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Florida discoveries: wild and historic island in Florida Keys

Indian Key, a state park accessible only by boat, is an easy half-hour paddle over shallow water, off the Overseas Highway in Islamorada.
Indian Key, a state park accessible only by boat, is an easy half-hour paddle over shallow water, off the Overseas Highway in Islamorada. FloridaRambler.com

Who hasn’t dreamed of a private island?

Driving down the Overseas Highway through the Florida Keys, one can easily imagine a tropical paradise on one of those little green islands surrounded by turquoise waters.

Next time you’re in the Keys, you can visit one — Indian Key — with a remarkable history. It’s an easy half-hour paddle by kayak or stand up paddleboard over shallow water, suitable for beginners and families. You also can visit on a boat tour.

Indian Key, a state park accessible only by boat, is located a half mile off the Overseas Highway in Islamorada. Seeing this speck of fossilized coral overgrown with jungle-like vegetation, it is hard to believe that in 1836, this was the county seat for Dade County, which stretched all the way to Lake Okeechobee.

In the 1830s, when little of Florida was settled, this was home to a prosperous community of wreckers — folks who salvaged goods off the many ships that ran afoul of the nearby reefs. It had two-story houses, a hotel where John Audubon stayed, a post office, stores and warehouses.

Indian Key thrived until August 7, 1840, when Seminole Indians attacked. About 50 to 70 residents escaped, 13 were killed, including a well-known local, Dr. Henry Perrine, a medical doctor and botanist. The town never recovered.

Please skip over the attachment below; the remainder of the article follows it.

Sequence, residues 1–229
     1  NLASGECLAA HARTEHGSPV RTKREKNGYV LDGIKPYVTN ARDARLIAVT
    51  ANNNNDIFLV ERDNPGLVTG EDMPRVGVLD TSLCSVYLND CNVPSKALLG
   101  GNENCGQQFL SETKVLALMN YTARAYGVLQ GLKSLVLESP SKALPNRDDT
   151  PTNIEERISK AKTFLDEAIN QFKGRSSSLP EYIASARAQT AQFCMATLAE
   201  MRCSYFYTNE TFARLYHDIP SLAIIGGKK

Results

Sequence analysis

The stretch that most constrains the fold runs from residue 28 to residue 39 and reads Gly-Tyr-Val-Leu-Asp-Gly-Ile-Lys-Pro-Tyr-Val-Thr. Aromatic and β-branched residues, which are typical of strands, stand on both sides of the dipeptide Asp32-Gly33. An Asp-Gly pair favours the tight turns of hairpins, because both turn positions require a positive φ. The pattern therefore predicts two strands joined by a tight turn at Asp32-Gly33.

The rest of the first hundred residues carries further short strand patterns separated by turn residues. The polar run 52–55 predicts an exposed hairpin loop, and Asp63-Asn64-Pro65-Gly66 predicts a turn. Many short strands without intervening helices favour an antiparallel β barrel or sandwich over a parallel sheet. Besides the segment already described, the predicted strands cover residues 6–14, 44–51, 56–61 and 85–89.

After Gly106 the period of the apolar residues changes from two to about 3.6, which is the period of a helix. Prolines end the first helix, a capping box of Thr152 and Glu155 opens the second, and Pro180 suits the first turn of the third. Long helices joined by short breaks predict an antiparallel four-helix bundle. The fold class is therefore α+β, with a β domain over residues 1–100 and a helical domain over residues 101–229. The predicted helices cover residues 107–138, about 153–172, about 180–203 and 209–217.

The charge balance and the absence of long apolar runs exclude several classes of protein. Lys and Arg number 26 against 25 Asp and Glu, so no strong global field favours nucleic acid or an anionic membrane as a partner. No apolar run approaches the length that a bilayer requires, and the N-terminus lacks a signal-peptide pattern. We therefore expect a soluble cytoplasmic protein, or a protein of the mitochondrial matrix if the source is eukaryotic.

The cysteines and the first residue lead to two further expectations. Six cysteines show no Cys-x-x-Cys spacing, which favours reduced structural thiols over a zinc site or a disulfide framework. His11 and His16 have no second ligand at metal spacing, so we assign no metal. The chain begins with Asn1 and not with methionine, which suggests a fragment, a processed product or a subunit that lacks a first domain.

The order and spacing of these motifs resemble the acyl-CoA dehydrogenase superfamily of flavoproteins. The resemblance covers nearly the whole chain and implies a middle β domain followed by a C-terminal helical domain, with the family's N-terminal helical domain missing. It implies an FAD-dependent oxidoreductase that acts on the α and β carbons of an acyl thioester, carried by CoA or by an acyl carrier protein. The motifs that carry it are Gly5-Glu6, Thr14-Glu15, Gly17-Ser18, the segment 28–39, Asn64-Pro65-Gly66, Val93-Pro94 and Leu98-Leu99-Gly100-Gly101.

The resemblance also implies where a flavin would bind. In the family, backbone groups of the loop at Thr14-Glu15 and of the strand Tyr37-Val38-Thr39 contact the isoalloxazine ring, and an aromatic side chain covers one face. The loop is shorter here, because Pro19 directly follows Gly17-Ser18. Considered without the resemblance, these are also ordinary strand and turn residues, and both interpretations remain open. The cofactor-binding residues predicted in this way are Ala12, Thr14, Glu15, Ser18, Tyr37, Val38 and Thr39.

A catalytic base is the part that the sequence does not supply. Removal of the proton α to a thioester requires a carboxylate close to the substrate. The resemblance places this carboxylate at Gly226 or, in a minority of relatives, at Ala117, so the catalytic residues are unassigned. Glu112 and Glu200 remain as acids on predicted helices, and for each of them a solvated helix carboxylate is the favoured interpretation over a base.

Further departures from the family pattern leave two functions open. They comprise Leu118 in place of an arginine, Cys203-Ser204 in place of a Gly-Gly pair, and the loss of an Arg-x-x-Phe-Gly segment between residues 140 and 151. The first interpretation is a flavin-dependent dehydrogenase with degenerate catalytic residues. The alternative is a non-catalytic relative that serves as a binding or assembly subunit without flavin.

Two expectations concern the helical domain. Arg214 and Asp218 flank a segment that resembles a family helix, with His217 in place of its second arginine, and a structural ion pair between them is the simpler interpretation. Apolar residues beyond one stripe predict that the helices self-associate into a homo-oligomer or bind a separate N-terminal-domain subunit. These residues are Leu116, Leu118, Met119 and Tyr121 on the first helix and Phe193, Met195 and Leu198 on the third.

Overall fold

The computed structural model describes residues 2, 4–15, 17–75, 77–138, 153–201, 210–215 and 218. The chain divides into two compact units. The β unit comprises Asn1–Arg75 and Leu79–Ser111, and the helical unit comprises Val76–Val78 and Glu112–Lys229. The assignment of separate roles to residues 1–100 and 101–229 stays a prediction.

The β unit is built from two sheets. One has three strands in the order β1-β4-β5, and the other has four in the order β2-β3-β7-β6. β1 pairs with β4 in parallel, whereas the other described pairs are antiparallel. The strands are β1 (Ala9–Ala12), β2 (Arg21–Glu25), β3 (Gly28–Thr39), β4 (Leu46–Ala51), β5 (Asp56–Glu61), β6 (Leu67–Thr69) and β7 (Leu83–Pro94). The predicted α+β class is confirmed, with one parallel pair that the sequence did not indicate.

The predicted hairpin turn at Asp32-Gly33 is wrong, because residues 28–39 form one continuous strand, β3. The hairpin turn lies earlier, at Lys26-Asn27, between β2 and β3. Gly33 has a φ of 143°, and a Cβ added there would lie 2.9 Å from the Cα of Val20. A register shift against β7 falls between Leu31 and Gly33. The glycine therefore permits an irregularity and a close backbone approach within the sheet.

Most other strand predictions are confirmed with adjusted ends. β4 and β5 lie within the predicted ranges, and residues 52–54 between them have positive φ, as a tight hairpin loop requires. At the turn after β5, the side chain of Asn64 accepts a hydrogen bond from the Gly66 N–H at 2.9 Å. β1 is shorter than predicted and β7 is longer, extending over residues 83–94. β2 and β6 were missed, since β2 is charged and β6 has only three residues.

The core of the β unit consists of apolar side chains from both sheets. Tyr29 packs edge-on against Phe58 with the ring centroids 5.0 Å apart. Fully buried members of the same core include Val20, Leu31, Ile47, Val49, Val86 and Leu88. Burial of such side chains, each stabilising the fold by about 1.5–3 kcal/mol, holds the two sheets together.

Seminole Indians attacked Indian Key in 1840, killing 13 people and causing others to flee. The town never recovered.

What you’ll find there now is an evocative scene — ruins overgrown with vegetation, streets signs marking paths that follow the original street grid and crumbling stone foundations of buildings. Signage offers details about the community. The island is rarely crowded and is a good place to picnic.

To get there, launch your kayak from the ocean-facing park along US 1 between mile markers 77 and 79. You can rent kayaks from nearby Robbie’s Marina. The advantage of leaving from Robbie’s is that you paddle over an incredible gathering of huge tarpon that are fed by visitors at Robbie’s.

Indian Key was once a coral reef and its shoreline is made up entirely of sharp-edged reef rocks. This makes for good snorkeling, but be careful where you pull up your kayak. There is a dock that is too high for kayakers to use. If you paddle around the highway-facing side of Indian Key, there is a stretch of shore where the rocks are lower and you can pull up a kayak.

To snorkel, look for a shell-encrusted bench on the island opposite the dock. That’s a good place to get in and out of the water.

If you want to visit Indian Key State Park without kayaking, boat excursions from Robbie’s Marina visit both Indian Key and a nearby island known for its trees and plants, Lignumvitae Key Botanical State Park.

▪ Renting kayaks at The Kayak Shake at Robbie’s Marina: http://kayakthefloridakeys.com/; MM 77, 77522 Overseas Hwy, Islamorada; 305-664-4878. Half-day rentals for double kayaks $55, single $40, stand-up paddleboards $50.

▪ Indian Key Historic State Park: www.floridastateparks.org/park/Indian-Key

▪ Boat tours: www.zerve.com/Robbies/EcoTour. $37.50 for a 2 1/2-hour tour to Indian Key and Lignamvitae Key.

Bonnie Gross gives tips on visiting the natural and authentic Florida at www.FloridaRambler.com.

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